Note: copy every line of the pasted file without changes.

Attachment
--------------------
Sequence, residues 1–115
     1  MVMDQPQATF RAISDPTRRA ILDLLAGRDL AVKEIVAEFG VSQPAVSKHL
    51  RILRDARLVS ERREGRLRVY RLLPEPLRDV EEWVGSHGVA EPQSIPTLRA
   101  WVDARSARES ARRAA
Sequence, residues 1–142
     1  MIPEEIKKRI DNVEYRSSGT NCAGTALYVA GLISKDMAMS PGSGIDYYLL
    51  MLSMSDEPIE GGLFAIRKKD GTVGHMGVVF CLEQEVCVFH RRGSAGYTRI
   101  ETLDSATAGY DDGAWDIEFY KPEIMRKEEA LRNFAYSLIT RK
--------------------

Sequence, residues 1–115
     1  MVMDQPQATF RAISDPTRRA ILDLLAGRDL AVKEIVAEFG VSQPAVSKHL
    51  RILRDARLVS ERREGRLRVY RLLPEPLRDV EEWVGSHGVA EPQSIPTLRA
   101  WVDARSARES ARRAA
Sequence, residues 1–142
     1  MIPEEIKKRI DNVEYRSSGT NCAGTALYVA GLISKDMAMS PGSGIDYYLL
    51  MLSMSDEPIE GGLFAIRKKD GTVGHMGVVF CLEQEVCVFH RRGSAGYTRI
   101  ETLDSATAGY DDGAWDIEFY KPEIMRKEEA LRNFAYSLIT RK